Extension Lectures in connexion with the School of Antiquity. These have since been published as Papers of the School of Antiquity. October 11. Theosophical Defense League formed by Katherine Tingley. 1916 January 24. Special performance of As You Like It by students of the Raja- Yoga College under direction of Katherine Tingley at the I sis Theater, San Diego, in aid of Flood Sufferers.
lectures

February 13. Special performance of Twelfth Night by students of the Raj a- Yoga College under direction of Katherine Tingley at her I sis Theater, San Diego, in aid of Jewish Relief Fund. June 17. Katherine Tingley visits New York to force retraction by the New York World of certain libelous statements embodied in an article previously published by it, such statements being in the main taken from previous newspaper publications and repeated at intervals for several years
past.

July 9. Retraction published by the New York World under the heading 'The Truth About Katherine Tingley; a Statement of Facts Published in justice to the Universal Brotherhood and Theosophical Society, and of

Leader and Official Head.' Similar retractions were also afterwards published by the Oakland Tribune (Oakland, Calif.), and the Salt Lake Telegram (Salt Lake City, Utah). March 26. Katherine Tingley visits Sacramento to appeal to 1917 the Legislature Committee against the passage of the Prendergast Bill
its

which provided for the use of unclaimed animals for vivisection. The Bill was vetoed by Governor Wm. D. Stephens. June 13. Katherine Tingley opens large hall in her Isis Theater Building, San Diego, as a Recreation Center for Soldiers and Sailors, afterwards acquiring one of the Exposition buildings in Balboa Park, San Diego, for the same purpose, and also giving entertainments at Fort Rosecrans, Point Loma, and entertaining a large number of soldiers and sailors every

Sunday at the International Theosophical Headquarters, many times giving special programs for the enlisted men in the Greek Theater, International Theosophical Headquarters, Point Loma, and in her Isis Theater
in

Department for Theosophy established propaganda work. April 25. Katherine Tingley, accompanied by twelve Raja- Yoga students, starts on a iecture-tour, lecturing in New York, Boston, Washington, Chicago, Minneapolis and other cities.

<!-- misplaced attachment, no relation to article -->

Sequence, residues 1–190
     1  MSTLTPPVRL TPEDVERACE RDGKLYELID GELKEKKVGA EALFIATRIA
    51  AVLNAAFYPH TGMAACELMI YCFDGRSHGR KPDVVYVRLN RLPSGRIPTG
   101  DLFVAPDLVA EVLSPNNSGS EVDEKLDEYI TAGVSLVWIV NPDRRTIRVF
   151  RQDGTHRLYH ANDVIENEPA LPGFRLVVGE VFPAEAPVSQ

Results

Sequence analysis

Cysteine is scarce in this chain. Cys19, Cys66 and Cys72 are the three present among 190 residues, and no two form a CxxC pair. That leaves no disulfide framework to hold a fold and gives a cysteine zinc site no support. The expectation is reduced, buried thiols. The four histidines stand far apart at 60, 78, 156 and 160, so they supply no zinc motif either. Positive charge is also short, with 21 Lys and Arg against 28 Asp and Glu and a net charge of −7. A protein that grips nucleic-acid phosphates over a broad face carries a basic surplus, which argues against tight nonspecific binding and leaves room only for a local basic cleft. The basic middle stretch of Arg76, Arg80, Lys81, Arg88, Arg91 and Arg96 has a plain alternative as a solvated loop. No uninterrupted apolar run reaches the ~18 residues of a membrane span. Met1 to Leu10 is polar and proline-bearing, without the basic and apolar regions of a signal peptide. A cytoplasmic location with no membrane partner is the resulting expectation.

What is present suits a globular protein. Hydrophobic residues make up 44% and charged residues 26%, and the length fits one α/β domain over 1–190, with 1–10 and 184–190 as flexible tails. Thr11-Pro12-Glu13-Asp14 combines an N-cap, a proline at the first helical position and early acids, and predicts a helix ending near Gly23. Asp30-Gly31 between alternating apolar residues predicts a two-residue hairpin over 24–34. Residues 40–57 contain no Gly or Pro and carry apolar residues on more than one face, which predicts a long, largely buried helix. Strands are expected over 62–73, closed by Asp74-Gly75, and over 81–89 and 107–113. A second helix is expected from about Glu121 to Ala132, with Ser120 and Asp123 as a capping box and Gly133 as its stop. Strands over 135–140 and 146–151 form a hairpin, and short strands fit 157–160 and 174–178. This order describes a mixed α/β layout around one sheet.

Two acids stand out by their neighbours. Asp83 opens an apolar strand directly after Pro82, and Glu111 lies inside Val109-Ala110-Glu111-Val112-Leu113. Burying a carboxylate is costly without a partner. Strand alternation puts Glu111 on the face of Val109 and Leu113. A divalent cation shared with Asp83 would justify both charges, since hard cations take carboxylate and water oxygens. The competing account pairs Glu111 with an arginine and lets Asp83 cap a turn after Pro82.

24.

San Diego. March 1919

Publicity

by Katherine Tingley

for

special

Katherine Tingley again September 14. speaking in several cities of the eastern states.

starts

on a lecture-tour,

December. Katherine Tingley acquires possession of her childhood home, Laurel Crest, Newburyport, Mass., on the banks of the Merrimac River, immortalized by the poet, John Greenleaf Whittier.

December 23.
versity,

at

Founding and Incorporation of the Theosophical Unithe International Theosophical Headquarters, Point Loma.

Established for the benefit oj the people of the earth

and

all creatures

The Universal Brotherhood and Theosophical Society


OBJECTS
This

BROTHERHOOD

is

part of a great and universal

movement

which has been active

in all ages.
fact.
is

purpose

This Organization declares that Brotherhood is a is to teach Brotherhood, demonstrate that it


it

Its principal

a fact in nature

and make

a living power in the

life

of humanity.

Its subsidiary

philosophy and
in

to study ancient and modern religions, science, art; to investigate the laws of nature and the divine powers

purpose

is

man.
* *

by H.

THE UNIVERSAL BROTHERHOOD AND THEOSOPHICAL SOCIETY, founded P. Blavatsky at New York, 1875, continued after her death under

the leadership of the co-founder William Q. Judge, and now under the leadership of their successor, Katherine Tingley, has its Headquarters at the International Theosophical Center, Point Loma, California.